Monthly mortgage payments will also rise, and potentially tightening the housing supply. 

They announced rates will rise .25% and they also have two more installments of rate jumps during the year. 

Unbeknownst to some there is a difference between mortgage rates and short-term interest rates. The Fed determines the short-term interest rates which keeps mortgage rates at a similar number. Ultimately the Fed influences mortgage rates. 

It's most likely going to become harder to buy a house because it'll be more expensive month-to-month, and those who currently have a house probably won't be looking to move since their rates are locked in. The homeowners who were considering moving, could very well stay right where they are.

Last summer the rate on a 30-year-fixed mortgage was 3.44% and just last week they were 4.39% which is another historic low. This increase of .25% will force buyers to spend another 3% each month on their loans, assuming they have an average $250,000 house. 

Small increases aren't going to push many people out of the buying Poole, but when it keeps rising it will eventually push many people out. 

On the building side of things, materials are expensive as-is and continue to climb up in price, so raising rates could very well push a number of a builders out of the market.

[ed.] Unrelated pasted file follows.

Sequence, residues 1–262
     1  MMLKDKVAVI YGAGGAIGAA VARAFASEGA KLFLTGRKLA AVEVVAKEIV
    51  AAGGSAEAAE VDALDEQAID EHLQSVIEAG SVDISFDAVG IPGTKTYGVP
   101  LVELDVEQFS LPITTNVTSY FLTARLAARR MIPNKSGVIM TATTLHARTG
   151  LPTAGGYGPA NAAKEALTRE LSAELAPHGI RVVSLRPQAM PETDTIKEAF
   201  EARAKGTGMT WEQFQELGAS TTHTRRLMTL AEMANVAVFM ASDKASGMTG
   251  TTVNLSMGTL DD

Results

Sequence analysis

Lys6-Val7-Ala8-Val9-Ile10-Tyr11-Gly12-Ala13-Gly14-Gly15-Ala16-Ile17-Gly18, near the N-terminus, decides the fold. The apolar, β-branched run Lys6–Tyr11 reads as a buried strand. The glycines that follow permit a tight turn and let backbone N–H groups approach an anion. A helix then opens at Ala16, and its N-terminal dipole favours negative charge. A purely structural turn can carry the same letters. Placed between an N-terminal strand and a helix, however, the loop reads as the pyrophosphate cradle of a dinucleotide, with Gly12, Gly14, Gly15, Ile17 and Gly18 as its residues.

In the past few years rents and housing costs have been rising faster than ever while the rest of the economy stays somewhat level. This is surely not helping the shortage of homes available.

Now is not the time to panic. Buyers can request adjustable rate mortgage is which are...

Listing Photos, How Crucial They Really Are

When selling your home the first metaphorical cast of the fishing line is your pictures. Having he right pictures can attract the right buyers which could earn you extra bucks. All potential buyers look at the listing pictures online first and foremost. They then decide if the house is worst a visit or not. 

It’s important to take quality listing photos, because of they don’t grab the attention of buyers, they will never step inside. The photographer will do most of the work, but it is up to you to prepare your home for the photo shoot. Your agent will have a detailed list of what to do with all the stuff laying around the house. 

Never list online without photos

A lot of buyers get alerts through text or email whenever a new house gets to market; and nothing is more frustrating than to see a house with a great address and not a single picture. 

Agents will never put the listing up without any photos, and they’ll scold the seller for listing it without pictures. If it’s listed without photos, they may come back to look again another day, or not at all. 

Clean, organize, and declutter